The partnership between Dr. Dean and the Starkey Hearing Foundation formed through Dr. Dean’s passion for making people healthier across the globe. His over 20-year medical experience has led him to study cholera, treat post-travel illnesses, and conduct research on women with HIV in Mexico. Dr. Dean also runs a foundation focused on conserving the world’s natural eco-systems and improving the quality of life in rain forest regions by increasing sustainability through improved social and economic infrastructure.
“When I agreed to go on a volunteer trip for the Starkey Hearing Foundation several weeks ago, I had no idea how dramatically circumstances there were about to change,” said Dr. Dean. “I had already booked my trip when Haiyan struck and devastated the islands. Those who were lucky enough to survive are in dire need of basic aid such as food, water, and shelter – resources that are scarce if available at all. I feel privileged to play a small part in helping the local population together with Starkey.”
Dr. Dean intends to post updates during his travels from November 29th – December 12th. Please visit http://www.doctorrobertdean.com for his latest blog entries and to learn more about Dr. Dean. He is also encouraging others to support the efforts in the Philippines by donating here:
More about the Starkey Hearing Foundation: The Foundation donates and fits more than 100,000 hearing aids annually. As a member of President Clinton’s Global Initiative, Starkey has pledged to fit one million hearing aids this decade. In addition to giving the gift of hearing through worldwide hearing missions, the Starkey Hearing Foundation also promotes hearing health awareness and education through the Listen Carefully initiative and provides hearing instruments to low-income Americans through the Hear Now program.
When I agreed to go on a volunteer trip for the Starkey Hearing Foundation several weeks ago, I had no idea how dramatically circumstances there were about to change. I had already booked my trip when Typhoon Haiyan struck and devastated the islands. As we watch the rising death toll in the Philippines, it is clear that our mission’s intention to fit over 5,000 hearing aids for deaf children will no longer be our only objective. The hardest hit central islands are completely devastated and those who were lucky enough to survive are in dire need of basic aid such as food, water, and shelter – resources that are scarce if available at all. Check back here often, as I’ll be posting updates, photos and videos from my travels from November 29th through December 12th.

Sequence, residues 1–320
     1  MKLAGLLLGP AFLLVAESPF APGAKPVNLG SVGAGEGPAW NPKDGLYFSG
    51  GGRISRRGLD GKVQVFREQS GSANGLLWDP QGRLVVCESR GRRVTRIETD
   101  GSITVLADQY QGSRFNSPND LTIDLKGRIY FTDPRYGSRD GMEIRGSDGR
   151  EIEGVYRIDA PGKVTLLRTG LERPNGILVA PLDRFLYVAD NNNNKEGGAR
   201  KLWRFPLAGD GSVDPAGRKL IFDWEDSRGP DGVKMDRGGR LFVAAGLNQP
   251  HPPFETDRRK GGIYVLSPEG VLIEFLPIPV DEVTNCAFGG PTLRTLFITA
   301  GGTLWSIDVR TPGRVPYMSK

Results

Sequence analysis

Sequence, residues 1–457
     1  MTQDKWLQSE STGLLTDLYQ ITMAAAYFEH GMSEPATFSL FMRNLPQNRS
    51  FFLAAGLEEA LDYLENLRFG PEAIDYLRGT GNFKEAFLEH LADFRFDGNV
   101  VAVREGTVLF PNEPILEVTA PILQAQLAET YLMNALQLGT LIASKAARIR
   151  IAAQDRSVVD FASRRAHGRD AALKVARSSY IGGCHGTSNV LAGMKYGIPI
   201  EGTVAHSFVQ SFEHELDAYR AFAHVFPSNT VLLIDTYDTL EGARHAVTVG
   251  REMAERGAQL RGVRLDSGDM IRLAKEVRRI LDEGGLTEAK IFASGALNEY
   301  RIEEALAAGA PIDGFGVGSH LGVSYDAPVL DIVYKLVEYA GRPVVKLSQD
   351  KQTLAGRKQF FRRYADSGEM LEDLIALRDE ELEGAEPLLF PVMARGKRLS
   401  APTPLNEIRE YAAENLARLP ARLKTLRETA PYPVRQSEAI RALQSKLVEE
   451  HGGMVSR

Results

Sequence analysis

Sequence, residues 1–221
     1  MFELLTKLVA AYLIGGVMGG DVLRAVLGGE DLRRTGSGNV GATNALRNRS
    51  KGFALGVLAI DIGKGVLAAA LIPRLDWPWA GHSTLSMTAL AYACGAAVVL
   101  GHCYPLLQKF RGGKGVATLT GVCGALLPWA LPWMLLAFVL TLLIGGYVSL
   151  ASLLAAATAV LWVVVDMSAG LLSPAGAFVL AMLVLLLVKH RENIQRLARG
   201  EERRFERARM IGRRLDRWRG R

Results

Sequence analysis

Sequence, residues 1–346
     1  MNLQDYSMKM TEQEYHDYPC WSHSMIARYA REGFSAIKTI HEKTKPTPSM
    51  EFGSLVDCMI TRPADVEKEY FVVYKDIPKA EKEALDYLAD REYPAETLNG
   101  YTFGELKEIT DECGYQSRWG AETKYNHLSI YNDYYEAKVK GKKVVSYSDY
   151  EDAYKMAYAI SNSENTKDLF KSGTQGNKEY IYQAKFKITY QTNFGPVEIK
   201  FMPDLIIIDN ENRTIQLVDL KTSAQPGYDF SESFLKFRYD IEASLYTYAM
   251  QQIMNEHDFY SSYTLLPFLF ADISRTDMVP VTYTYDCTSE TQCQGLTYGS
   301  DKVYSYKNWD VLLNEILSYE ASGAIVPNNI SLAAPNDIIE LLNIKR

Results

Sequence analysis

You can help support our efforts in The Philippines
Learn how you can support Dr. Dean’s mission on behalf of the Starkey Foundation.
Dr. Dean is visiting the Philippines after Thanksgiving for a two-week mission with the Starkey Hearing Foundation. The Foundation fits and gives more than 100,000 hearing aids annually, and as a member of President Clinton’s Global Initiative, it has pledged to fit one million hearing aids this decade. In addition to giving the gift of hearing through worldwide hearing missions, Starkey Hearing Foundation promotes hearing health awareness and education through the Listen Carefully initiative and provides hearing instruments to low-income Americans through the Hear Now program.
The trip of course comes at a time of critical need for the Philippines as the island nation seeks to recover from the devastating Typhoon Haiyan.
To support Starkey, click Dr. Dean’s personal fundraising page: